In a city famous for studied misdirection, cynical spin and outright lies, there’s one man who has refused to play the typical Washington games. Dr. Anthony Fauci, the director of the National Institute of Allergy and Infectious Diseases, has gained millions of Americans’ trust this year with his frank assessments of the coronavirus’ threat to the nation. But his boss, President Donald Trump, doesn’t love Fauci’s winning streak.
From the beginning of the coronavirus crisis, Fauci has been fairly transparent about the challenges his role comes with. He’s the nation’s top hand on infectious diseases, a post he has held since Ronald Reagan’s first term in the White House. From the early days of HIV/AIDS to SARS and Ebola, there has seldom been a global crisis summit where Fauci hasn’t had a reserved seat in the VIP box of government nerds.
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At 79, he’s well past the Washington worry of needing this job so that he can get his next. He is notoriously honest and fastidiously apolitical. He doesn’t mind saying when the boss is wrong — regardless of party — but he never will give critics the zinger that makes it to the attack ad. Polls show people feel Fauci is twice as trustworthy as Trump, a man whose re-election bid is, at best, uncertain.
Unsurprisingly, the tensions between Fauci, the White House and the President, who wants a return to normalcy as soon as possible before November, have become legend in recent months in Washington. White House aides last weekend anonymously circulated a dossier on Fauci meant to discredit him that was as thin as the best filo dough. Top aides have re-upped memes against him. The President’s trade czar even published an op-ed against him.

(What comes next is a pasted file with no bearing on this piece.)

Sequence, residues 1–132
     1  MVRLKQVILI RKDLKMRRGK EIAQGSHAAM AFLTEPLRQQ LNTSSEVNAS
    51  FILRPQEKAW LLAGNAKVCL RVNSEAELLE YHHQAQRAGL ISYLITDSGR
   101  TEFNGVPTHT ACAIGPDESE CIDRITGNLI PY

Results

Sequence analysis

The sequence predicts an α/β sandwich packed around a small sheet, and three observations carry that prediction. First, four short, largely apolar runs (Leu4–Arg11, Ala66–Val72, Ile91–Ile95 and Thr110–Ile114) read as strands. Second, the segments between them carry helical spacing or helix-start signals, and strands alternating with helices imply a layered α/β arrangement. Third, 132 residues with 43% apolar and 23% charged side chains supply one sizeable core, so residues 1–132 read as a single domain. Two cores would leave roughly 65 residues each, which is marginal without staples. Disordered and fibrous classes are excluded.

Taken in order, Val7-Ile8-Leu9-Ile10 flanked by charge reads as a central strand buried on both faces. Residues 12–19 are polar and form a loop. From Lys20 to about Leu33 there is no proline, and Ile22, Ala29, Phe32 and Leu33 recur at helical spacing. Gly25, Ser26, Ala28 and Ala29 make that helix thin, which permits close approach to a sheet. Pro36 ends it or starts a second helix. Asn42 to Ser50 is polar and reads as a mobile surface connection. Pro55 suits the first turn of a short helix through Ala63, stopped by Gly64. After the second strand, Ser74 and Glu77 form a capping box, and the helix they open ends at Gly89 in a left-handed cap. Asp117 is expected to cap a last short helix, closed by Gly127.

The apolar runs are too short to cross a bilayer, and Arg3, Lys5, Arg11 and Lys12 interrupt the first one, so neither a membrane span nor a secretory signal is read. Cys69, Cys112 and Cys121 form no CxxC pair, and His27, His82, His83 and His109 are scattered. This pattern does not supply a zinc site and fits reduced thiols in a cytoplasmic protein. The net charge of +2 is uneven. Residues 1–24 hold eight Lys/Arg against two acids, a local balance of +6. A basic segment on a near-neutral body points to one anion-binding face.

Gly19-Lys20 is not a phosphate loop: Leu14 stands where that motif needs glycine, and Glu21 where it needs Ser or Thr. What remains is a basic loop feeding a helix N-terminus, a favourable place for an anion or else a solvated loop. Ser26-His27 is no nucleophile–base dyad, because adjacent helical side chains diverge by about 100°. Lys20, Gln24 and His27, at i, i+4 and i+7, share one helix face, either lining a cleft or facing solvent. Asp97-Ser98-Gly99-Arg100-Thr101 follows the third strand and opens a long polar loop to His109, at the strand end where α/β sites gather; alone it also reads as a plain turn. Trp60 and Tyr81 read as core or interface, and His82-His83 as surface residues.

Fauci recognizes the paradox of his circumstances. In an interview published this week in The New York Times, Fauci openly acknowledged that he has a choice between telling the truth or staying in Trump’s good graces. “Would you want me to say something that’s directly contrary to what the President is doing? That’s not helpful. Then all of a sudden you don’t hear from me for a while,” he said. For his part, the President continues to say he had a good relationship with Fauci before adding that the doctor made mistakes.
From the beginning, Fauci has showed little interest in providing cover for the Trump Administration when it has fumbled. As the President suggested that sunshine and bleach could provide an elixir to the virus, Fauci stuck to the science and didn’t kowtow to his boss. While White House aides stammered and rationalized, Fauci just cited the science, saying it’s unlikely that coronavirus will ever be eradicated.
Fauci, who signed on as a fed in 1968, knows the ropes. He understands the political knife-fighting that stains the halls of bureaucratic cafeterias. (Well, back when we had cafeterias.) And he, quite simply, doesn’t care. All he can do is correct the record when asked. “I can’t jump in front of the microphone and push him down,” he told Science magazine at the crisis’ start.
On Thursday, Fauci is set to open the Washington Nationals’ season, albeit in an empty stadium and with little of the cheer that traditionally accompanies lobbyists’ favorite day to flex their corporate-box muscle. For those outside the Beltway, the crack of the bat signals a return to what passes for normal. Inside the Beltway, Fauci’s minute on the mound screams that in some places, meritocracy still matters.
A version of this article first appeared in The DC Brief, TIME’s politics newsletter. Sign up here to get stories like this sent to your inbox every weekday.
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